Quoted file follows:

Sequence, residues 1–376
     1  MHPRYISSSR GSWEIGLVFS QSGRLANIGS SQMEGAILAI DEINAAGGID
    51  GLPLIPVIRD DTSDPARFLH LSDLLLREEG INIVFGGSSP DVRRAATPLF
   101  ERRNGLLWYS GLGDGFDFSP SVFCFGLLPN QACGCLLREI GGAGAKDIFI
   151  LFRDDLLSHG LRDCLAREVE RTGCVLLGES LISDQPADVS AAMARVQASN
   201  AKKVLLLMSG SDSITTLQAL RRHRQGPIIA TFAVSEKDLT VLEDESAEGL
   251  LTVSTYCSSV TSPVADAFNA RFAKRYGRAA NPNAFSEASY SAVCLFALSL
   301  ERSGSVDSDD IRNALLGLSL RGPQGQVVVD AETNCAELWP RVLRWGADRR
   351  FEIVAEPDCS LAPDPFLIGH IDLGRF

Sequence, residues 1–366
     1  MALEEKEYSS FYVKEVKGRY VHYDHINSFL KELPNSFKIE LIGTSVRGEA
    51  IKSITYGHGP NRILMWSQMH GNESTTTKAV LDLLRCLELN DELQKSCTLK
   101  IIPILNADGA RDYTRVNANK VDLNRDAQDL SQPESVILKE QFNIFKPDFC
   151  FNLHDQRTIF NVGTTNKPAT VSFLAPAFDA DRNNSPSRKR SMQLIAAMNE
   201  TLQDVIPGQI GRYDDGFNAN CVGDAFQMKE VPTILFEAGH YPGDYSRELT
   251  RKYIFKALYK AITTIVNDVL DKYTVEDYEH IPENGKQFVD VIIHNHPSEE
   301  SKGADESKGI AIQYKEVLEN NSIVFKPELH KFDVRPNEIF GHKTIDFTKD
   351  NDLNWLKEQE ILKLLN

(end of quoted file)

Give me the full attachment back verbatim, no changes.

Sequence, residues 1–376
     1  MHPRYISSSR GSWEIGLVFS QSGRLANIGS SQMEGAILAI DEINAAGGID
    51  GLPLIPVIRD DTSDPARFLH LSDLLLREEG INIVFGGSSP DVRRAATPLF
   101  ERRNGLLWYS GLGDGFDFSP SVFCFGLLPN QACGCLLREI GGAGAKDIFI
   151  LFRDDLLSHG LRDCLAREVE RTGCVLLGES LISDQPADVS AAMARVQASN
   201  AKKVLLLMSG SDSITTLQAL RRHRQGPIIA TFAVSEKDLT VLEDESAEGL
   251  LTVSTYCSSV TSPVADAFNA RFAKRYGRAA NPNAFSEASY SAVCLFALSL
   301  ERSGSVDSDD IRNALLGLSL RGPQGQVVVD AETNCAELWP RVLRWGADRR
   351  FEIVAEPDCS LAPDPFLIGH IDLGRF

Sequence, residues 1–366
     1  MALEEKEYSS FYVKEVKGRY VHYDHINSFL KELPNSFKIE LIGTSVRGEA
    51  IKSITYGHGP NRILMWSQMH GNESTTTKAV LDLLRCLELN DELQKSCTLK
   101  IIPILNADGA RDYTRVNANK VDLNRDAQDL SQPESVILKE QFNIFKPDFC
   151  FNLHDQRTIF NVGTTNKPAT VSFLAPAFDA DRNNSPSRKR SMQLIAAMNE
   201  TLQDVIPGQI GRYDDGFNAN CVGDAFQMKE VPTILFEAGH YPGDYSRELT
   251  RKYIFKALYK AITTIVNDVL DKYTVEDYEH IPENGKQFVD VIIHNHPSEE
   301  SKGADESKGI AIQYKEVLEN NSIVFKPELH KFDVRPNEIF GHKTIDFTKD
   351  NDLNWLKEQE ILKLLN